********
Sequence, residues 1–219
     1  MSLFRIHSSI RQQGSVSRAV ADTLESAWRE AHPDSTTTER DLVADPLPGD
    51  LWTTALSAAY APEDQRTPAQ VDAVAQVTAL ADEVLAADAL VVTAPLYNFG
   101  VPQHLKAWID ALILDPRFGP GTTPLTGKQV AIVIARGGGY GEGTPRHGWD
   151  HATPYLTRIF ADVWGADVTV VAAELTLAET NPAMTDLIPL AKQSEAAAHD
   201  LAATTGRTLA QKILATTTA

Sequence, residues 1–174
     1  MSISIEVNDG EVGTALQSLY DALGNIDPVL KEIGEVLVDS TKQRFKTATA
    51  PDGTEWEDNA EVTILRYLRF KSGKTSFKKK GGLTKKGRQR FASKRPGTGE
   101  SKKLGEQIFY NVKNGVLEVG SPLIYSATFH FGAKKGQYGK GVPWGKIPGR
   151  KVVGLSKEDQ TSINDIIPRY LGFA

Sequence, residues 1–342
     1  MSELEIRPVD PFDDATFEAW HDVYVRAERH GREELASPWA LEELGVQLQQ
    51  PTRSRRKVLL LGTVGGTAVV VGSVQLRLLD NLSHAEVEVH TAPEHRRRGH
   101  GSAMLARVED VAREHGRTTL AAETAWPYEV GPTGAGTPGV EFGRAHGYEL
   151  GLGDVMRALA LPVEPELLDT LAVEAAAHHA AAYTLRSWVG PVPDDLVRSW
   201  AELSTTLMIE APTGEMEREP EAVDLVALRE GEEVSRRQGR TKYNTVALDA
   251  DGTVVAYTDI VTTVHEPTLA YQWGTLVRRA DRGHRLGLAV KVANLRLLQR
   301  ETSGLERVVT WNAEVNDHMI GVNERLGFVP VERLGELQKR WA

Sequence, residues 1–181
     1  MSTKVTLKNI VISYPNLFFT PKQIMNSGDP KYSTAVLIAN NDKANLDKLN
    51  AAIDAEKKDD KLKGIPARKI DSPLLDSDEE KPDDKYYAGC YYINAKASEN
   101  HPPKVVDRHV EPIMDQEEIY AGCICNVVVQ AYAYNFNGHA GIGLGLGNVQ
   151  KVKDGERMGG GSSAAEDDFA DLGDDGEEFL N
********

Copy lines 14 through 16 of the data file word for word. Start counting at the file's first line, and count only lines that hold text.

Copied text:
    51  PTRSRRKVLL LGTVGGTAVV VGSVQLRLLD NLSHAEVEVH TAPEHRRRGH
   101  GSAMLARVED VAREHGRTTL AAETAWPYEV GPTGAGTPGV EFGRAHGYEL
   151  GLGDVMRALA LPVEPELLDT LAVEAAAHHA AAYTLRSWVG PVPDDLVRSW